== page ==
“What kinds of butterflies can you find in Nevada?”
I love watching butterflies in my neighborhood! It’s amazing to see the incredible variety of different colors, patterns, and sizes.
There are hundreds of kinds of butterflies in Nevada! Since it would be impossible to list them all in one article, I chose the most common and exciting species to share with you today. 🙂
17 kinds of butterflies in Nevada.
#1. Red Admiral
- Vanessa atalanta
- Red Admirals have a wingspan of 1.75 to 2.5 inches.
- The coloring is dark brown with a reddish circular band and white spots. The underside of the back wings looks similar to bark.
- The caterpillars are pinkish-gray to charcoal with white spots. They have spines along the back that resemble hairs.
The Red Admiral is the most widespread butterfly in Nevada!
Look for this beautiful butterfly near the edge of forests in moist habitats. Red Admiral Butterflies have a unique favorite food – they love fermented fruit! If you’d like to attract them, try placing overripe cut fruit in a sunny spot in your yard.
Red Admirals are migratory butterflies. They fly south toward warmer climates in winter, and then move north again in late spring, where food is more plentiful.
If you’re looking for a butterfly in Nevada that’s easy to observe, you’re in luck! Red Admirals are very calm and easy to approach and frequently land on humans!
RELATED: How to Attract Butterflies: 17 Tips!
#2. Painted Lady
- Vanessa cardui
- Painted Lady butterflies have a wingspan of 1.75 to 2.5 inches.
- The coloring is pinkish-orange, with dark brown to black markings near the wingtips and white spots inside the black markings.
- The caterpillars’ coloring is variable, ranging from greenish-yellow to charcoal. Most have light-colored spots.
Look for Painted Lady butterflies in Nevada in open areas that are quiet and undisturbed, like roadsides, pastures, and gardens. This species migrates south to Mexico over winter and returns in the spring.
The population of Painted Lady butterflies can be drastically different from year to year. It’s common for them not to be seen for years in a row in some places, then suddenly show up in more significant numbers.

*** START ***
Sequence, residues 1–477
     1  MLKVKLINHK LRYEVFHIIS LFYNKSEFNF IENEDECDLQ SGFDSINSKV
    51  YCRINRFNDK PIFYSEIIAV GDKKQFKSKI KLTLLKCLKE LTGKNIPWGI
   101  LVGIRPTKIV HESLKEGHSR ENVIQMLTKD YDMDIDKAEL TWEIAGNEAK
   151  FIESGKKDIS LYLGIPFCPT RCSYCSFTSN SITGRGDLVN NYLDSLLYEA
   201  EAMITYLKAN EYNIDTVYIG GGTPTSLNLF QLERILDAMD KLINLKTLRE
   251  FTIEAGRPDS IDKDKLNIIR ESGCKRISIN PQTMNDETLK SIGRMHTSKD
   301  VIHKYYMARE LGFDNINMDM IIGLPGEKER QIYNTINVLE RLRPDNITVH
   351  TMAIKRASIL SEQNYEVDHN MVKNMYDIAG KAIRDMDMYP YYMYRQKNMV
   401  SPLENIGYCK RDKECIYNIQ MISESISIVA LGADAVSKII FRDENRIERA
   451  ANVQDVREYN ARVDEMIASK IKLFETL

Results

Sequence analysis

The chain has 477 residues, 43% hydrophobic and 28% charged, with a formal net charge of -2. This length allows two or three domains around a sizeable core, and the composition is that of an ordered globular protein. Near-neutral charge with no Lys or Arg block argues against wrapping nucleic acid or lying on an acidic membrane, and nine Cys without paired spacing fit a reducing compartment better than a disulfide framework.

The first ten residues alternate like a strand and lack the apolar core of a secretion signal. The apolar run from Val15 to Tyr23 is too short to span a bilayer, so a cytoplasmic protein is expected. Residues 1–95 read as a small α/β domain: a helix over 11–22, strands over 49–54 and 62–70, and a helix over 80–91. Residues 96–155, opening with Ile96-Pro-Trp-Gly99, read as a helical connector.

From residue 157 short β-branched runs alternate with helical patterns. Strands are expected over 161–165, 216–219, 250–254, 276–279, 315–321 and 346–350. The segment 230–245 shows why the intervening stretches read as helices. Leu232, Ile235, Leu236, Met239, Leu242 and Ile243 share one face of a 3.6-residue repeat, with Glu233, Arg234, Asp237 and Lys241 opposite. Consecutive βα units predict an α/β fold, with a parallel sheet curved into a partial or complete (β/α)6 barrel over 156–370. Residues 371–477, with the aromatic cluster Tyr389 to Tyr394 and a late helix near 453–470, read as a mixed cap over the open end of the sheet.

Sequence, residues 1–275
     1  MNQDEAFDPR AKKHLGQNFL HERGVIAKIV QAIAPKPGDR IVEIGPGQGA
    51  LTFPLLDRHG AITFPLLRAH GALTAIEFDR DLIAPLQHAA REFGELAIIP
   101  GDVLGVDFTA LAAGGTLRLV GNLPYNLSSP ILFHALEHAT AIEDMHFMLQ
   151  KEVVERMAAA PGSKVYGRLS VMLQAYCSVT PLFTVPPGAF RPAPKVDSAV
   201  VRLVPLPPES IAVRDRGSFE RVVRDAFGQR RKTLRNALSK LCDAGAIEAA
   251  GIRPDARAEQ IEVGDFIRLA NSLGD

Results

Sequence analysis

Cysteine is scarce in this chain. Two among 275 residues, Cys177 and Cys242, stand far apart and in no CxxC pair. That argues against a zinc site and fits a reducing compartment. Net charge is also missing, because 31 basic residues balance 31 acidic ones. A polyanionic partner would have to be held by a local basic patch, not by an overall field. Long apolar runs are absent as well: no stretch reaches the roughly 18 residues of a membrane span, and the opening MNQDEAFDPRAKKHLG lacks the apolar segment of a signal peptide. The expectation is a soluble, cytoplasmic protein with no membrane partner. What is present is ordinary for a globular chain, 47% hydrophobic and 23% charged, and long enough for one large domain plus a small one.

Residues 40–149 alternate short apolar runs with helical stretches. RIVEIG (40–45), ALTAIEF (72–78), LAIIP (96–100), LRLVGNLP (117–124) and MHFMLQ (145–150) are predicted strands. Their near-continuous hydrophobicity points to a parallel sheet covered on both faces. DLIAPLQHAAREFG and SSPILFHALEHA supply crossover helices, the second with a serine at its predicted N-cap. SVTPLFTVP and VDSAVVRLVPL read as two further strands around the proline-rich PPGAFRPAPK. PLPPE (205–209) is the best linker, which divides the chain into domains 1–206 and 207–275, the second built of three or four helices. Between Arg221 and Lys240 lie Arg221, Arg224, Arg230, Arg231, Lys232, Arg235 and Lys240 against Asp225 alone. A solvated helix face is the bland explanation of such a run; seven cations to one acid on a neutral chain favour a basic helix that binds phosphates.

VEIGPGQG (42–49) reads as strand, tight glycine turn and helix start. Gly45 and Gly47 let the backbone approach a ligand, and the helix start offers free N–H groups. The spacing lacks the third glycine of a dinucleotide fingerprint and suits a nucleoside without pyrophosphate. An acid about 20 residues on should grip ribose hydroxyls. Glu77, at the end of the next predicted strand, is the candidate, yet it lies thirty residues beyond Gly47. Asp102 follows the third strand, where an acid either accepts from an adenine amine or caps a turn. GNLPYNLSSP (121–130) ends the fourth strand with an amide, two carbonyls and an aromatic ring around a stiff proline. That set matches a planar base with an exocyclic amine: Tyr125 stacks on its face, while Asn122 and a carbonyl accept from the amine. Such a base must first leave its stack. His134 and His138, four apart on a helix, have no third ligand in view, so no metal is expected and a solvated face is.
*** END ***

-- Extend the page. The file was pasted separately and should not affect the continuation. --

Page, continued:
The Painted Lady is the only butterfly that mates year-round! Because of its constant migration pattern, it spends its entire life in suitable areas for its eggs to hatch.
- Danaus plexippus
- Monarch butterflies have a wingspan of 3.5 to 4 inches.
- Their recognizable coloring is a “stained glass” pattern of orange with black veins. White dots line the outside edge of the wings.
- Caterpillars are plump, with black, white, and yellow bands and tentacles on each end of its body.
Monarchs are easily the most recognized butterfly in Nevada!
They are famous for their color pattern and migration. Look for Monarchs anywhere there is milkweed, which is the only food source their caterpillars eat.
Most people are familiar with the declining population of Monarchs. However, you might not know that this indicates an overall population decline of many other pollinating species like bees. Planting local milkweed species to attract Monarchs will also help these other species.
During migration, usually in mid-September, you may even see groups of hundreds flying south!
#4. Hackberry Emperor
- Hackberry Emperors have a wingspan of 2 to 2.75 inches.
- The intricate pattern of this species is amber brown and nearly black, with orange-ringed eyespots and many spots in dark brown and white.
- Caterpillars are light green with two yellow stripes on the back. Two short spines top the head, and there are two small tails on the rear end.
Hackberry Emperor butterflies are only found in the southern tip of Nevada.
Look for them in moist wooded areas, parks, and suburban yards. One place you WON’T find Hackberry Emperors is on flowers since they don’t eat flower nectar at all!
Although flowers don’t attract them, they are naturally curious and will even land on humans who happen to be near them. One reason for this habit is to ingest sodium from our skin! This may be hard to believe, but Hackberry Emperors find the minerals they need to survive in tons of unusual places, like soil, rocks, and even pavement!